Distinguishing resistance from resilience to prolong antibiotic potency
Biomedical engineers at Duke University have shown experimentally that there is more than one flavor of antibiotic resistance and that it could—and should—be taken advantage of to keep first-line antibiotics in our medical arsenal.
In a study appearing online Dec. 7 in the journal Science Advances, the researchers show why doctors should be paying more attention to whether a pathogen is resistant or merely resilient against common beta-lactam antibiotics, such as penicillin and its derivatives.
Resistant strains of bacteria can soldier through a dose of beta-lactam antibiotics with little disturbance to their population levels. Resilient strains, however, suffer a population crash before their community can secrete enough beta-lactamase enzymes to degrade the antibiotic to a tolerable level. If clinicians test an infection by dosing a culture and checking only the end results, they miss the difference between resistant and resilient responses.
"Clinicians have not historically distinguished between these two scenarios," said Lingchong You, the Paul Ruffin Scarborough Associate Professor of Engineering at Duke. "But as beta-lactam-tolerant pathogens become more common, I believe this distinction could become extremely important."
While an individual bacterium can be resistant to antibiotics, resilience only arises within a community. This happens when bacterial cells produce enough beta-lactamases to degrade the antibiotics, but not enough to save themselves from the initial onslaught. As some cells die and release more and more of the enzyme, however, the population as a whole eventually rids their environment of the antibiotic.
In the paper, You and Hannah Meredith, now a postdoctoral researcher at the London School of Hygiene and Tropical Medicine, track the populations of several beta-lactam-tolerant strains of bacteria over time when exposed to beta-lactam antibiotics. They then use the responses to quantify the bacteria population's levels of resistance and/or resilience, creating a method to put values to resistance or resilience for the first time.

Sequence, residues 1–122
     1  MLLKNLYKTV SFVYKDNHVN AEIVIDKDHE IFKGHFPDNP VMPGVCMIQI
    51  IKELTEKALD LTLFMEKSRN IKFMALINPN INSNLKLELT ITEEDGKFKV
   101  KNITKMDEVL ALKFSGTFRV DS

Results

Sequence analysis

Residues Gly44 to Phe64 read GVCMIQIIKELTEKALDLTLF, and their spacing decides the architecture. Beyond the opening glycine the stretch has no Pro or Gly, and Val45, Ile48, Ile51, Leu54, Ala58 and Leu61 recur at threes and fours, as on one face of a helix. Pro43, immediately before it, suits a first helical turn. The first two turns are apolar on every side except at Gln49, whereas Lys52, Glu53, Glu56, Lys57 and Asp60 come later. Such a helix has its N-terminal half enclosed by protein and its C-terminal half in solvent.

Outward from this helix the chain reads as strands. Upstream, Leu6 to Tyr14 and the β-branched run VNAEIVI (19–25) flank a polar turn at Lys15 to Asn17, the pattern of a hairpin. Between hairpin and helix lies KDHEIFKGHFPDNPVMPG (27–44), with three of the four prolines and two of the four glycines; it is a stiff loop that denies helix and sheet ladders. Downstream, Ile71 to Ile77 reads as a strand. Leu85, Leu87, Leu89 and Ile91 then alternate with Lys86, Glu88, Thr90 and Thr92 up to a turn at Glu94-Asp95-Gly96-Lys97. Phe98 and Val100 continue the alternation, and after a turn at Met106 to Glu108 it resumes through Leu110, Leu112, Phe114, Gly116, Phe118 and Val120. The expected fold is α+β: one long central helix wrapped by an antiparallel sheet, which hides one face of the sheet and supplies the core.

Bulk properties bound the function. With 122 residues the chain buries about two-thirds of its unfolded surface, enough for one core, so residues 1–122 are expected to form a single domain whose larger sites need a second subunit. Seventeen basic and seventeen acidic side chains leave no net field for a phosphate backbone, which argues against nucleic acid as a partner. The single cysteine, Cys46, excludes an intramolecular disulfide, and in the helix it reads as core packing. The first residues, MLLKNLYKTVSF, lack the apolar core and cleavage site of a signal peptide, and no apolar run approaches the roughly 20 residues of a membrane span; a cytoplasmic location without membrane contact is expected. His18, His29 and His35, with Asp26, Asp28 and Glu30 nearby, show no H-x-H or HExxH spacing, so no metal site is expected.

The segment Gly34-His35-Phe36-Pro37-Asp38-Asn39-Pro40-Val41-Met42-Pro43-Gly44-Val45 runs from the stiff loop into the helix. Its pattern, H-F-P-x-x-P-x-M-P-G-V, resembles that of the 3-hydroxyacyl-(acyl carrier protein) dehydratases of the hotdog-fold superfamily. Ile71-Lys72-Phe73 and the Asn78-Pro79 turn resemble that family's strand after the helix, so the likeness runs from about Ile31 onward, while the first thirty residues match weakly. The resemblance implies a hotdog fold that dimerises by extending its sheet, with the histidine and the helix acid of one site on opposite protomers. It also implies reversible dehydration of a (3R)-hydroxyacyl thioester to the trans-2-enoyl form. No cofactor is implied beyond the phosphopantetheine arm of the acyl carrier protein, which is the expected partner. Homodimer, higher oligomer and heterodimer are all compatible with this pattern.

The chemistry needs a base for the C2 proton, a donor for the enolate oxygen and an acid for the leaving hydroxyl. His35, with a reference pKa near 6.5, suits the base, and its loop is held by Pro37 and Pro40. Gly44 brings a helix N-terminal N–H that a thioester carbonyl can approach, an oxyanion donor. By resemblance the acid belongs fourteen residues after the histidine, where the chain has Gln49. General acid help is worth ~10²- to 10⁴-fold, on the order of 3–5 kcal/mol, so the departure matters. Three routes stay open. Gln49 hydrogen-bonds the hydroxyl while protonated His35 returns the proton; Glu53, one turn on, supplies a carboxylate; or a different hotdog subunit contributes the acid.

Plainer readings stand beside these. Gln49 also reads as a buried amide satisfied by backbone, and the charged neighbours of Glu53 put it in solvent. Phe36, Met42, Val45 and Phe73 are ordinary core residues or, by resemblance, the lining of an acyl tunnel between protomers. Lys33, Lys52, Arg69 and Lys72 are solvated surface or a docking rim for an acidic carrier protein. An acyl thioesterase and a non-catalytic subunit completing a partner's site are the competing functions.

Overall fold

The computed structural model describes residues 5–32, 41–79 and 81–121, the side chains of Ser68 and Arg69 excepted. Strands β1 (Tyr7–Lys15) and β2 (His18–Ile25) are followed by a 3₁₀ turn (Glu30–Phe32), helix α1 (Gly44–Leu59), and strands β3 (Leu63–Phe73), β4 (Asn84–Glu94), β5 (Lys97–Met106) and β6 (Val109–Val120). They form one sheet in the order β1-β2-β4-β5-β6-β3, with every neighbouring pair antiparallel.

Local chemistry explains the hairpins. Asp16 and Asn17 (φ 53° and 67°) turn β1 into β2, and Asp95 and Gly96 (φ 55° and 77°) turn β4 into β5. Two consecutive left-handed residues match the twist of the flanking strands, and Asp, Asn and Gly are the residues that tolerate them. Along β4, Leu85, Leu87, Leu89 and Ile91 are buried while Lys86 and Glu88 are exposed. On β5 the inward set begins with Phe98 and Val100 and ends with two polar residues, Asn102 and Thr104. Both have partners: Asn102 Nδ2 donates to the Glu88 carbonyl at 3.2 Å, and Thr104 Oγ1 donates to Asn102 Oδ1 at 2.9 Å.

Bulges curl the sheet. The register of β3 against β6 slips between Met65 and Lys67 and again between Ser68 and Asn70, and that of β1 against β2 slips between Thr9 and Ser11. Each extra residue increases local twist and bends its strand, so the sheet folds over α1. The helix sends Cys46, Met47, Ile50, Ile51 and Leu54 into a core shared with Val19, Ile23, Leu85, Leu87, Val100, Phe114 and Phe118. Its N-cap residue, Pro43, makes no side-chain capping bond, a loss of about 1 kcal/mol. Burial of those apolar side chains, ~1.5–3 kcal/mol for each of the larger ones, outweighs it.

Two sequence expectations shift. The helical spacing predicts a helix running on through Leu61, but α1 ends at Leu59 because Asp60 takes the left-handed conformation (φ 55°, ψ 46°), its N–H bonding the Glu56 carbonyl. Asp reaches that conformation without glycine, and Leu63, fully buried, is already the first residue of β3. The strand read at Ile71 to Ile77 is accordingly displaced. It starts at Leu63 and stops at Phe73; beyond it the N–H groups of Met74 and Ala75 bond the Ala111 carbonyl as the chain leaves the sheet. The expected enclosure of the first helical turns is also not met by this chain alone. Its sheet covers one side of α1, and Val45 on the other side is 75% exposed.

In practice, the study offers a framework for researchers to begin designing tests that can swiftly measure an infection for these two separate responses. In You's opinion, it's a procedure that will have to become more common in the future.
With a measure of a strain's resilience in hand, doctors could prescribe a regimen of antibiotics perfectly timed to hit an infection repeatedly during the colony's weakest points. This approach could allow doctors to continue using first-line antibiotics on pathogens that otherwise would be characterized as resistant and treated with more powerful antibiotics, a practice that will degrade the medicine's usefulness over time.
"We're still in a stage where doctors don't do a detailed diagnosis of what specific infection a patient is suffering from, they just prescribe these antibiotics because they'll probably work after two weeks. And if they don't, they'll just try a different one," said You. "But I think as these beta-lactam-resistant strains continue to spread around the world and become more common, our diagnoses will have to catch up so we can provide more tailored dosing protocols."